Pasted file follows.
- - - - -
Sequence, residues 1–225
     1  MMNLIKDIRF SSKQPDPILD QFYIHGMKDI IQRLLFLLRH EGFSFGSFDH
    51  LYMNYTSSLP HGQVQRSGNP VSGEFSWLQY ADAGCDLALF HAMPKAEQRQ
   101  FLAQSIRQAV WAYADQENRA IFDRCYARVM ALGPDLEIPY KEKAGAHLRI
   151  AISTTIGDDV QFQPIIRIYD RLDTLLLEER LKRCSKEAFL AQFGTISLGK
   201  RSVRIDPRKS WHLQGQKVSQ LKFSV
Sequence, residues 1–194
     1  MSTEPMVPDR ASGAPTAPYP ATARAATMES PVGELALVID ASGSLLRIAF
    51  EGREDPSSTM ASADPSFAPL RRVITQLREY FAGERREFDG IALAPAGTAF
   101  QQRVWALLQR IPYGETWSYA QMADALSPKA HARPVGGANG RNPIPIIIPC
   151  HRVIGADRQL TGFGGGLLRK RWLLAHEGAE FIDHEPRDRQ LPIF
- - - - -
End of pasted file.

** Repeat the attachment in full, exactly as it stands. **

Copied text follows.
Sequence, residues 1–225
     1  MMNLIKDIRF SSKQPDPILD QFYIHGMKDI IQRLLFLLRH EGFSFGSFDH
    51  LYMNYTSSLP HGQVQRSGNP VSGEFSWLQY ADAGCDLALF HAMPKAEQRQ
   101  FLAQSIRQAV WAYADQENRA IFDRCYARVM ALGPDLEIPY KEKAGAHLRI
   151  AISTTIGDDV QFQPIIRIYD RLDTLLLEER LKRCSKEAFL AQFGTISLGK
   201  RSVRIDPRKS WHLQGQKVSQ LKFSV
Sequence, residues 1–194
     1  MSTEPMVPDR ASGAPTAPYP ATARAATMES PVGELALVID ASGSLLRIAF
    51  EGREDPSSTM ASADPSFAPL RRVITQLREY FAGERREFDG IALAPAGTAF
   101  QQRVWALLQR IPYGETWSYA QMADALSPKA HARPVGGANG RNPIPIIIPC
   151  HRVIGADRQL TGFGGGLLRK RWLLAHEGAE FIDHEPRDRQ LPIF